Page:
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The Tragic Death of Kurt Vonnegut

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message 1: by Jessie (last edited Aug 25, 2016 10:58AM) (new) - rated it 5 stars

Jessie I have a handful of favorite authors, and now they are all officially dead. Kurt Vonnegut was the last. He's probably hanging with Hunter S. Thompson somewhere, laughing at all of us.


message 2: by Kecia (last edited Aug 25, 2016 10:58AM) (new) - rated it 4 stars

Kecia Nooooo! This is the first I heard of his passing!

Back in the 80s I read everything Vonnegut wrote that I could get my hands on. He helped shape my view of the world. I even left the church of my ancestry and became a Unitarian Universalist largely due to Vonnegut's influence.

So it goes.


message 3: by Megan (last edited Aug 25, 2016 12:33PM) (new) - rated it 5 stars

Megan Ivy, I'm with you, he has totally shaped my world (read everything he'd written between 15-20)and continues to. Just read 'Man Without a Country', and his non-fiction is most inspiring. I now consider myself to be a Humanist because of his influence!


Steve Merrick KV is simply one of the finest writers our species ever produced, I love his work and find myself sslightly saddened that no more new Vonnegut books will be grabbed enthusiastically by my sweaty exited paws....

He is missed....


Zach Irvin He's not dead. He just came unstuck in time.


Kirby Zach wrote: "He's not dead. He just came unstuck in time."

ha ha- I like that, makes me feel better! :)


Michael Brown Vonnegut had the same skill the equally marvellous Bradbury has - a knack of putting invisible words in his sentences so that the deceptively simple whole is even more wonderful than the parts. Looks easy and I've tried to do it - trouble is, it's not remotely easy at all, it's a kind of genius.


Kressel Housman All you Vonnegut fans might want to check out his son's book, The Eden Express. It's a memoir of his hippie life in the 60's, including his mental breakdown.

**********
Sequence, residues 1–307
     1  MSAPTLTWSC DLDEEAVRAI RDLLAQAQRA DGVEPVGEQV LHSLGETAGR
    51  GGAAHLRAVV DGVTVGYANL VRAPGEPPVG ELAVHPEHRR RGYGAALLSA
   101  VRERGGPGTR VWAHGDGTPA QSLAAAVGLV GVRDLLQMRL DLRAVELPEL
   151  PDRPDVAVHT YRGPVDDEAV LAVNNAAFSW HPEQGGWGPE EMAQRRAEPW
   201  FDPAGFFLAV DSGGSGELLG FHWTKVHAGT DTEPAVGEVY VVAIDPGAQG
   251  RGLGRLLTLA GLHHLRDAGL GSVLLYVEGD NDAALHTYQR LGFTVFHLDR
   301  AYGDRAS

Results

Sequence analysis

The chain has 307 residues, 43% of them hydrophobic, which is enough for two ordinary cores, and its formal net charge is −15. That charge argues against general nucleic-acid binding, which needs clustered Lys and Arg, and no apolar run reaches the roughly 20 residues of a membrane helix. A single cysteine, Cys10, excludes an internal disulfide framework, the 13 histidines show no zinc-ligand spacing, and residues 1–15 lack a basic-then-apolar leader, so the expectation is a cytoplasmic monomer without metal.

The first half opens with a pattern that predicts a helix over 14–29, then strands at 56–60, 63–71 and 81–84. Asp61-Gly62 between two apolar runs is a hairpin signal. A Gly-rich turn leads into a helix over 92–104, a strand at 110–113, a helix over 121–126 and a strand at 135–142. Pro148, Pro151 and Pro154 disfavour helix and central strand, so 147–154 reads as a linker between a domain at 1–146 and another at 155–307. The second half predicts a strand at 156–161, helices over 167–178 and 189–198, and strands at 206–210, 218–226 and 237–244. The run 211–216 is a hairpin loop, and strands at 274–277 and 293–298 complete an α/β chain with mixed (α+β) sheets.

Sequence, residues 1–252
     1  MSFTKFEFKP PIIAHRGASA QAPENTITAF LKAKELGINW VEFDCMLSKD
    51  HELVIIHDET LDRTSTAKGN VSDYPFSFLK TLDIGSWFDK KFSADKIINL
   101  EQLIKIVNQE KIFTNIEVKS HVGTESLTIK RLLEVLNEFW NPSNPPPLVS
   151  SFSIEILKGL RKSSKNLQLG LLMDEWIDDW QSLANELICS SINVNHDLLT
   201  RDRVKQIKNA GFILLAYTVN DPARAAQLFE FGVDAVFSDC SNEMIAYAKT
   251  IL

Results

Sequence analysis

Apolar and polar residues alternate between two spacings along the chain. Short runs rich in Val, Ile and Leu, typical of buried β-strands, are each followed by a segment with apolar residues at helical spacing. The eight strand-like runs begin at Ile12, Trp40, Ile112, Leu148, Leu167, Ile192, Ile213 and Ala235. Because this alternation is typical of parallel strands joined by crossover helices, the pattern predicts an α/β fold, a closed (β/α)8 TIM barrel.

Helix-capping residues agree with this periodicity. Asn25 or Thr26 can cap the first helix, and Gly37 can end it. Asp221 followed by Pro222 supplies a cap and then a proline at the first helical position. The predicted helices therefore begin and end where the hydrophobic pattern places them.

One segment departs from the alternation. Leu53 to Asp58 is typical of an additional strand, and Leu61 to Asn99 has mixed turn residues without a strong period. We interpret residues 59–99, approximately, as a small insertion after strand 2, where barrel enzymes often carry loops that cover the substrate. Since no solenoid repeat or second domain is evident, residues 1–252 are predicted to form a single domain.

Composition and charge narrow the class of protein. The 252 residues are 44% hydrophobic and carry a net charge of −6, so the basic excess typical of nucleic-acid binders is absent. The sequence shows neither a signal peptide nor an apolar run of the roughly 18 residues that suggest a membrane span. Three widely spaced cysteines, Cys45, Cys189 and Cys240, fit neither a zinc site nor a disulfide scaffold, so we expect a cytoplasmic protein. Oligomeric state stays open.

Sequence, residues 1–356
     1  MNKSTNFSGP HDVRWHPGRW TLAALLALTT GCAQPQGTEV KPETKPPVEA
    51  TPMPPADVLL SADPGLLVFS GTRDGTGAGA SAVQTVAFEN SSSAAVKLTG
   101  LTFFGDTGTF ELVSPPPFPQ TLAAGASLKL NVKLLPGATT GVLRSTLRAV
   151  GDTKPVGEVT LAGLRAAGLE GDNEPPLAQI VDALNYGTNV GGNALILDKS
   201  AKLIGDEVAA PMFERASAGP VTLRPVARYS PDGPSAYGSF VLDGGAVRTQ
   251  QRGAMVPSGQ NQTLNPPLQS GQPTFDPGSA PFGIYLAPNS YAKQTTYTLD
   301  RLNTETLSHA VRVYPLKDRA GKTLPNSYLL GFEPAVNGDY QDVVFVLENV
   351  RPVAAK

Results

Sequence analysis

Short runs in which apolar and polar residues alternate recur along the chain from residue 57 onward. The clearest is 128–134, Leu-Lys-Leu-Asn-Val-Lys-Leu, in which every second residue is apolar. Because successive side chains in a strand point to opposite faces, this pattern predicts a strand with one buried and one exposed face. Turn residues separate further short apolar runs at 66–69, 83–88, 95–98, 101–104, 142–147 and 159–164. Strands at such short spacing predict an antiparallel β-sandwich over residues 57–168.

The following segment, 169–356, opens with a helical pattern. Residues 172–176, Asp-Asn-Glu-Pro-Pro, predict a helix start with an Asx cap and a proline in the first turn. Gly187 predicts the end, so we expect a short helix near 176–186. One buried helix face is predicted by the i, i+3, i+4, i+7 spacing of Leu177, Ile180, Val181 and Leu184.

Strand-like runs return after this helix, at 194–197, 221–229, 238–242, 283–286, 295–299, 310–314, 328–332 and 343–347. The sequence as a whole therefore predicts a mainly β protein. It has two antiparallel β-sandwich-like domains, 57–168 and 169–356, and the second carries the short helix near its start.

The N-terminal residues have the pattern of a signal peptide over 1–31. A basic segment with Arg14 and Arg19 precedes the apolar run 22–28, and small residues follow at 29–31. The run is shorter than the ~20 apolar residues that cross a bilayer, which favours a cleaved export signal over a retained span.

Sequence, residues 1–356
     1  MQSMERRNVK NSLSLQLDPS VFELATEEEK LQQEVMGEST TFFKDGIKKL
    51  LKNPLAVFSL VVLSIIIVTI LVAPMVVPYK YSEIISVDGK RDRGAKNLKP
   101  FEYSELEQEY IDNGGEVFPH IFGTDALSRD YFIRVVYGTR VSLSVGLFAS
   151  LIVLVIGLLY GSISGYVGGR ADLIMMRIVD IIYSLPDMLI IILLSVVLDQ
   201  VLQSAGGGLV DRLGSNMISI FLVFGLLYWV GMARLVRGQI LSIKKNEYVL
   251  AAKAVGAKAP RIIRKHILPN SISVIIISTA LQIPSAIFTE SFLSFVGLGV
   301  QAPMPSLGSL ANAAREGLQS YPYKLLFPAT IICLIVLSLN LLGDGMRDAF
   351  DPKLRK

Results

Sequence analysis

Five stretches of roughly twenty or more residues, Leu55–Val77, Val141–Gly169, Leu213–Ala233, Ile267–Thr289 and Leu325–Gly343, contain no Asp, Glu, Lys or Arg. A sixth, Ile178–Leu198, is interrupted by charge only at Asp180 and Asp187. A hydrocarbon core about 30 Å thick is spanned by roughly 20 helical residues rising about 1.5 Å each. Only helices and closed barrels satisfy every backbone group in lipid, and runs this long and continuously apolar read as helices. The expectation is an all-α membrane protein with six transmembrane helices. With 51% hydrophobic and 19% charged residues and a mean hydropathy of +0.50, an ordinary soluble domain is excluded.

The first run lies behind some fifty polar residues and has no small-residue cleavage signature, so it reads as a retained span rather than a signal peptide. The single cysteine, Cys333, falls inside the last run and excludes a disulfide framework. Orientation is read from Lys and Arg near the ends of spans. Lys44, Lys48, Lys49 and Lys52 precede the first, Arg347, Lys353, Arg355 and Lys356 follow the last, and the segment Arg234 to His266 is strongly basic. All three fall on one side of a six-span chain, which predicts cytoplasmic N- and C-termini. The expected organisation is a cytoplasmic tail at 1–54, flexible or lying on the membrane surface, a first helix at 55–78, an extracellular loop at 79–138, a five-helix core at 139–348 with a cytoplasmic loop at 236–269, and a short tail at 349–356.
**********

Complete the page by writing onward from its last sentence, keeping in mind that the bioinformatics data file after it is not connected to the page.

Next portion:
message 9: by Robert (last edited Feb 10, 2012 06:24PM) (new) - rated it 3 stars

Robert Kirby wrote: "hey, I doubt anyone cares, but I'm so excited I wanna tell someone! I just got these shirts, and I think they're awesome! :)

http://www.zazzle.com/kurt_vonnegut_s...

http://ww..."


One may be awesome, but one is surely awful. There is a difference.

First one (so it goes / *) is extremely vulgar and based on first one of his best (S-5 "A-plus" no problem) , then one of his two worst efforts (BofC "C", Slapstick "D" see Palm Sunday, itself only a "C"), that Vonnegut himself deprecated afterward. Most people won't know what "*" means anyway and I wonder about anyone who feels smarter because he or she does. There are so many other fine bits to use, why waste a shirt one this one. I would hate to have to explain "*" to someone that did not know what it was, that is, if I were hoping to attract new readers to Vonnegut's work. The vulgar bits work much better in context than in a non-Vonnegut reading stranger's face. Why not let that one stay a nice little surprise for new readers?

I would not start that someone or anyone out on Breakfast of Champions, that's for sure. I put it down, having read Slaughterhouse-Five previously, not too far in unimpressed by the facile content up to that point. In spite of that, last year I started to read all the novels yet unread more or less in order after re-starting with Cat's Cradle, and all the available short stories thanks to the sudden burst in unpublished story collections (with just a few in Bagombo Snuff Box left to go) along with the Wampeters, Foma and Granfalloons essay book. Finished the last novel Timequake today (10Feb2012) which I would also not recommend as first read but would not deprecate either, rather it is a treat for those who read most of the rest first. This sweep included the rest of Breakfast of Champions. It got better but it still deserves the relative ranking Vonnegut gave it. I am not sure that the positions of Slapstick and Breakfast of Champions should not be reversed. I would hope if he had graded his works after Jailbird ("A") on the same scale that most would be "A" (possible A-plus for Bluebeard) and none lower than "B".